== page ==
- In addition to the “open specification promise,” Microsoft should change the licensing scheme for any relevant current patents which can be used to extend OOXML. Those patents should be made available under a license which is clearly compatible with GPL and LGPL. This licensing schema should apply to future relevant Microsoft patents, too. Will Microsoft make its relevant patents legally valid for Open Source use.
- The name “Office Open XML” is often mistakenly called “Open Office XML” implying a non-existent connection to the OpenOffice.org project. This naming confusion has been documented and has occurred numerous times, including by analysts and even in Microsoft press releases and blogs. Since “OpenOffice.org ” is the pre-existing name, by 6 years, Ecma should choose a new name, less apt to continue this confusion. Will Microsoft make this change as a condition of gaining ISO status for OOXML? Don’t hold your breath.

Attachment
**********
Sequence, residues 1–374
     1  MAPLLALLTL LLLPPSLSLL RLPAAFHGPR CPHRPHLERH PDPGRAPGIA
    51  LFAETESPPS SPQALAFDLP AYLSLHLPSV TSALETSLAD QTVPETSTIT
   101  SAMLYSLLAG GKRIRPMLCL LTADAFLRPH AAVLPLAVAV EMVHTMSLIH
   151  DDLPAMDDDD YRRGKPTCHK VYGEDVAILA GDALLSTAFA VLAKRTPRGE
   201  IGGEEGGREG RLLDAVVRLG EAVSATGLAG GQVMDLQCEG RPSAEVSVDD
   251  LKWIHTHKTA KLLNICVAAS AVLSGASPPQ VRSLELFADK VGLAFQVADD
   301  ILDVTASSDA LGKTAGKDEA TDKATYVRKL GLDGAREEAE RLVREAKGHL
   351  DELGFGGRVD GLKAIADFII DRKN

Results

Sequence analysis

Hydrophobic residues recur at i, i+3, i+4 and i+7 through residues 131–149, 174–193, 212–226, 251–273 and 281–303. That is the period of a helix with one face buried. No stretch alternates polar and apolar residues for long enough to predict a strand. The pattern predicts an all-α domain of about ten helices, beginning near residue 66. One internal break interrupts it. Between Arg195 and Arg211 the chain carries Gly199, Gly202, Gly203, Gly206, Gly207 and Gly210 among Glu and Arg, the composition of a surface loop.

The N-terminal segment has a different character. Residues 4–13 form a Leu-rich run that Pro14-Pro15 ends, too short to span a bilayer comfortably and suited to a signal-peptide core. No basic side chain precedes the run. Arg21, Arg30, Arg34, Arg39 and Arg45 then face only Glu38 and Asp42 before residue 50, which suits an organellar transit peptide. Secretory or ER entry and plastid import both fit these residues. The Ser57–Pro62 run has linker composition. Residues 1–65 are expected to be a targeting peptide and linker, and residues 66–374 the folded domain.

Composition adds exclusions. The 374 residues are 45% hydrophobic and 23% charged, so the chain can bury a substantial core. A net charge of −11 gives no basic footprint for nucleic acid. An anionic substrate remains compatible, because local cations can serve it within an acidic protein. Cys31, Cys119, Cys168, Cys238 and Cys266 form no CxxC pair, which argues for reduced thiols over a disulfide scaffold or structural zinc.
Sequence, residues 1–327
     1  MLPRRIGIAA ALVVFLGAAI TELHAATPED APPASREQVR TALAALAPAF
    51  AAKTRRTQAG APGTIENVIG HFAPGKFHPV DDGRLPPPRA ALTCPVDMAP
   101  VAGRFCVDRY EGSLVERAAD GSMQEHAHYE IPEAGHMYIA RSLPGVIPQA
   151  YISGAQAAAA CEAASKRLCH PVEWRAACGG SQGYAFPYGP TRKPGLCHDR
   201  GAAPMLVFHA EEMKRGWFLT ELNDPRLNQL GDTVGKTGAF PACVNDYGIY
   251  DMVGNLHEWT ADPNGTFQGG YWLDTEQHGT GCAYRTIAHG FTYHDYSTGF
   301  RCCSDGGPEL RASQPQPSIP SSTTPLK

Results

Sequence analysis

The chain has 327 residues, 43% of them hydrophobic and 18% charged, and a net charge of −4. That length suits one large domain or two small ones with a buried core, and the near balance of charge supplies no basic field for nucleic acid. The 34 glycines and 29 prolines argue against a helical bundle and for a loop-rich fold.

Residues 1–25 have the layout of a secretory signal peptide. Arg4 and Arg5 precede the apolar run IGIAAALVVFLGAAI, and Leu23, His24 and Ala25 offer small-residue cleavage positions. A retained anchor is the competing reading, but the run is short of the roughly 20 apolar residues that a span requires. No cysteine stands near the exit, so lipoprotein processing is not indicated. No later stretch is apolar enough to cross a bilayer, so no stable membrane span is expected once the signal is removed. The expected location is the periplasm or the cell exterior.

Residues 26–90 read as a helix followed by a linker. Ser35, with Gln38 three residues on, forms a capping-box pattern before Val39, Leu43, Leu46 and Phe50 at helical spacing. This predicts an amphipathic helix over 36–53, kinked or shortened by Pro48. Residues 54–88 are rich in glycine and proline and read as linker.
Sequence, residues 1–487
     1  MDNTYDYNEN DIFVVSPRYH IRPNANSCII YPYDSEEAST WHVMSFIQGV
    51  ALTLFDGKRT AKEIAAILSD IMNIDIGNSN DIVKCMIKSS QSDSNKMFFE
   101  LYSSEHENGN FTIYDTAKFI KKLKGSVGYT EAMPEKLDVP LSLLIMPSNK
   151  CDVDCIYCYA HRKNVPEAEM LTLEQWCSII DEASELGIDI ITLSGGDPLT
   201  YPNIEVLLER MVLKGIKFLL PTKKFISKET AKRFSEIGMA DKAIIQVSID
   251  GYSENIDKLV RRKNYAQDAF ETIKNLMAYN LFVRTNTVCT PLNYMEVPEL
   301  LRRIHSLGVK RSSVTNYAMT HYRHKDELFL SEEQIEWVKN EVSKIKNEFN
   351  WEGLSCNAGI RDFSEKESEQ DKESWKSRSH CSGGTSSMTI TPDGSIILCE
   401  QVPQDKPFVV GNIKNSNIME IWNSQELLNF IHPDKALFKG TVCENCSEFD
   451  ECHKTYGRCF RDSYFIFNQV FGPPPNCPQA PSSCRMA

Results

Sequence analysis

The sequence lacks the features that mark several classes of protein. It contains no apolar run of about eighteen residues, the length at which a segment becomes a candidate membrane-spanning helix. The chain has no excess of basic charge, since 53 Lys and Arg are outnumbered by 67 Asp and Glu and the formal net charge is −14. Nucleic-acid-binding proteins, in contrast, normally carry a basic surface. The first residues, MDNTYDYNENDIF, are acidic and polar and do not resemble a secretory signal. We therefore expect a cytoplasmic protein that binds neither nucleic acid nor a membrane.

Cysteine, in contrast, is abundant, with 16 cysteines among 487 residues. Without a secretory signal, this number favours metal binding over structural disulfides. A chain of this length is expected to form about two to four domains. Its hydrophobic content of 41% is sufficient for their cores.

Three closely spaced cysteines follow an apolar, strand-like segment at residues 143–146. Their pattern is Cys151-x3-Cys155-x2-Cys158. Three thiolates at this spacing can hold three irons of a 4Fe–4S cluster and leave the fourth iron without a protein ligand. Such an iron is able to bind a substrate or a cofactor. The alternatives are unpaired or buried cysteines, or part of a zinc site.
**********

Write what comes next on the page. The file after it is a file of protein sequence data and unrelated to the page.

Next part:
- The Open Specification Promise that covers OOXML explicitly covers only the “Ecma 376″ version of the standard. However, thousands of changes are being made to OOXML as part of the JTC1 comment resolution process. Are these changes covered as well?
- While Microsoft originally made assurances that the ISO would take control of the standard if it were approved, Microsoft has now reversed that position and will keep near-full control over OOXML within ECMA [PDF], an industry group that exists to advocate its members interests. Since the development and standardization of OOXML has been opaque, what guarantee will MS make to assure those activities will be done in an open setting in the future, including changes to MS Office as they are made which have direct effect on the format? Will Microsoft fulfill their promise to transfer stewardship, control and ownership of OOXML over to ISO, a promise made they made publicly and repeatedly?
- There’s a limit to what you can do with metadata. Working with RDF is nice, but custom XML schemas are the complete opposite of interoperability. Custom schemas break interoperability as they are by definition not shared by everybody or every organization. It thus condemns documents containing custom XML schemas to be manipulated and shared only by the users who have access to those custom XML schemas (typically inside one organization, generating maintenance problems for the future). How can the ISO community ever be assured that OOXML will interoperate with the established ISO standard?